French Bulldog cuddles with owner

French Bulldog: Little Guy, Big Personality!

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The French Bulldog is a small but robust canine with lots to offer, which is probably why you’re reading this! This relatively new breed started its story a few hundred years ago and since then it’s gone from being a ratter to a much-loved lap dog. Now that’s moving up the ladder for you.

We love the Frenchie, and for all of you members and readers who love them too (or are keen to find out more) now’s your chance to do a breed fact check.

We’ve done it for you, by collating all the juiciest French Bulldog breed information right here. Just for you.

What breeds make a French Bulldog?

You might have guessed it; the first French Bulldog was bred in France. Hence the name… and nickname Frenchie. As the story goes, the French Bulldog is the progeny of a Parisian ratter and a Toy Bulldog. Breeders’ intentions were to make a mini version of the Bulldog. Cyoot!

If you’re wondering why you don’t hear much about Toy Bulldogs these days it’s because the breed went extinct. Thankfully its memory lives on in the French Bulldog…

Since then the breed has gone from strength to strength. In recent times it’s hit the top five dog breeds for our Aussie brothers and sisters, and we’re seeing the increase in popularity happening here in NZ too.

Below are some more fast Frenchie facts:

Life span11-12 years
HeightLads, 27–35 cm | Ladies, 24–32 cm
WeightLads, 9–14 kg | Ladies, 8–13 kg
Grooming needsMinimal
Exercise needs Minimal
Dog groupNon sporting (AKA lapdog)

Check out this cute TikTok video compilation of French Bulldogs in action:


Do French Bulldogs have breathing problems?

Yes, Frenchies can have trouble breathing. They’re a brachycephalic dog breed, meaning they have flatter faces with shorter snouts that often leads to Brachycephalic Syndrome (more on that below).

Brachycephalic breeds don’t always suffer with breathing, but it does make it more likely. Read the above again – minimal exercise, please.

Also, if you’re planning on parenting a Frenchie it’s important to note that due to their short snouts they can easily overheat. What does this mean for you? Make sure your home is well-ventilated and your pooch has a good supply of fresh water. Consider a doggo water fountain to keep your Frenchie well hydrated.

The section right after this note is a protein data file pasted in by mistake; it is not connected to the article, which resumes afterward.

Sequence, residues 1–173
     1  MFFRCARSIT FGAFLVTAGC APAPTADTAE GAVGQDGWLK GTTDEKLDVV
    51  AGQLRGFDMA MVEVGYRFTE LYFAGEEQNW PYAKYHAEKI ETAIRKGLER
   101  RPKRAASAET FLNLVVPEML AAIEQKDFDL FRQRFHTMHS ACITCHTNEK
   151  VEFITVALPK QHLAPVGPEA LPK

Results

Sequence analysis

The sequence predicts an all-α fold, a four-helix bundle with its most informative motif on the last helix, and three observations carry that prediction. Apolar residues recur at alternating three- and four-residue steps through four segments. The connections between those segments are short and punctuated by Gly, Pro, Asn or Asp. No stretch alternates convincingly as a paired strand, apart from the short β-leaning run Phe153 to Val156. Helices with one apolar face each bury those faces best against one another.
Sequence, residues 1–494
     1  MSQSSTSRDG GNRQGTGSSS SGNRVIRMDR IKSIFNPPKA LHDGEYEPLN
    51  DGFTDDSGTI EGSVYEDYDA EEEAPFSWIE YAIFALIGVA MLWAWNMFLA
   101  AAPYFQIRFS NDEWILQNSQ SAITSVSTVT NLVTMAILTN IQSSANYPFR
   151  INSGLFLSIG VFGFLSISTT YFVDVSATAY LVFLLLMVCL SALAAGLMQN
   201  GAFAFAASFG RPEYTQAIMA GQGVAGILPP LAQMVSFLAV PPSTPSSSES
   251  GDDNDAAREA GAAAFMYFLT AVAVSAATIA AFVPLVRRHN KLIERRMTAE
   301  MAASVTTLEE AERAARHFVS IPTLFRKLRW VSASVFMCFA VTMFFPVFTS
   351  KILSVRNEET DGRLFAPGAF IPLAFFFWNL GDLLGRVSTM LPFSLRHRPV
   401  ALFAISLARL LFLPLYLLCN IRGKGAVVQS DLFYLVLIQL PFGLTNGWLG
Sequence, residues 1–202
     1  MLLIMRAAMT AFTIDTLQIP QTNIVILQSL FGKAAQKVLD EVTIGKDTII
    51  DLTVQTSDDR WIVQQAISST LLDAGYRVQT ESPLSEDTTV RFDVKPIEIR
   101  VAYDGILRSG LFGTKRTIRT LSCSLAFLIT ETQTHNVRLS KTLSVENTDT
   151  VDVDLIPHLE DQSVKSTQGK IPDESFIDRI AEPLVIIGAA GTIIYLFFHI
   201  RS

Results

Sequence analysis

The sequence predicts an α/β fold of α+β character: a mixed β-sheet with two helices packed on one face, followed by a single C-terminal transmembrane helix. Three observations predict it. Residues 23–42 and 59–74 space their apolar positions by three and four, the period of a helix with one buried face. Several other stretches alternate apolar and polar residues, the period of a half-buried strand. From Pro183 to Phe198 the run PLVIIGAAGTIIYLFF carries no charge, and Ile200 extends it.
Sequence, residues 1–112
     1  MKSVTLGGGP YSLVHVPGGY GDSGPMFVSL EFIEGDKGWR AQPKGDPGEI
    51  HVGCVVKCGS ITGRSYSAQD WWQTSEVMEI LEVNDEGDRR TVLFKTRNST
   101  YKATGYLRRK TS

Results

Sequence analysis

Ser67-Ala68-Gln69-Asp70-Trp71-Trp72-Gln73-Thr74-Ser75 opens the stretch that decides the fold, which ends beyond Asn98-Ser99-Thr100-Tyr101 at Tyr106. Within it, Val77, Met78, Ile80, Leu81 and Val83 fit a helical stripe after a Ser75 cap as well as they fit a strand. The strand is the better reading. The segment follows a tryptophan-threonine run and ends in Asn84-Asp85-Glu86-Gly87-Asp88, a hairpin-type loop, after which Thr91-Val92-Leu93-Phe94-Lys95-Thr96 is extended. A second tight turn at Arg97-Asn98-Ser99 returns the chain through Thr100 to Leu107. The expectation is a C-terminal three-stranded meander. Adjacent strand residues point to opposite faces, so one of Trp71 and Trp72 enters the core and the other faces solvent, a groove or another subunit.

Also never leave your Frenchie in a car. Read about heatstroke in pets and the dangers of dogs in hot cars.

Here are some health issues French Bulldogs are prone to:

  • Brachycephalic Syndrome. As we mentioned this is typical in flat-faced breeds like the Frenchie. It can cause an obstruction of the upper airway and other abnormalities such as enlarged tonsils.
  • Skin issues and allergies. Frenchies are prone to dermatitis, allergies and infections. Find out everything you need to know about dog skin conditions here.
  • Hip dysplasia. Hip dysplasia in dogs is generally most common in bigger breeds but can also affect Frenchies.

Frenchies may not shed very much and don’t need much brushing. However, make sure your doggie baths include cleaning between folds in the skin to avoid dermatological issues getting a foot in the door.

Frenchie: Your BFF for life

If you’re that guy or girl that wants your bestie all to yourself then a French Bulldog could be your ultimate BFF. Frenchies adore one-on-one attention. In fact they can get a bit put out if you turn your attention elsewhere. That said, these adorable pups love kids.

If you’re the work-from-home type who’s always at your computer (except when you’re making tea and coffee) Frenchie will love sitting in your lap. That’s because they love lounging and seriously only need a short trot to cover their fitness needs.

Seriously. If you’re a couch potato – consider your French Bulldog to be your partner in crime.

These little guys are designed to be indoor dogs. And being a brachycephalic breed means not only do they dislike intense exercise, it’s actually bad for them. That means no jogging or running!

And if you’re not so into dog walks either then read about exercising dogs without walking.

A black and white French bulldog

Are French Bulldogs good guard dogs?

While this little lapdog can’t fend off an intruder, they can alert you when something is wrong. Frenchies are known for being even-tempered and for not barking a lot. In short they save their barks for when they’re needed most.

If your French Bulldog suddenly gets a barking bee in its bonnet, find out why. They could be trying to tell you something.

Besides having a bark that’s bigger than their bite, Frenchies are famed for making other sounds too: snoring and snorting! While your French Bulldog’s snorts and snores will likely be more endearing than annoying it’s important to let your vet know if any changes happen to their breathing.

Becoming a pet parent – the right way

If you’re a Frenchie fan and ready to become a first time pet owner, consider your options carefully.

Firstly, it’s important to avoid puppy scams and puppy mills in New Zealand to help keep yourself protected from losing money or adopting a pet with serious issues. We suggest purchasing only from ethical dog breeders.

Secondly, even though you’re looking into buying a purebred dog, know there may be a French Bulldog waiting to be rescued from an animal shelter near you. Read our dog adoption checklist and the pros and cons of older dogs for adoption.

Thirdly, be sure to protect your future pooch with affordable and reliable dog insurance. That way you can worry about your pup and not your pocket in emergencies and routine check-ups. Click below to find out about free onboarding pet insurance to get you started.

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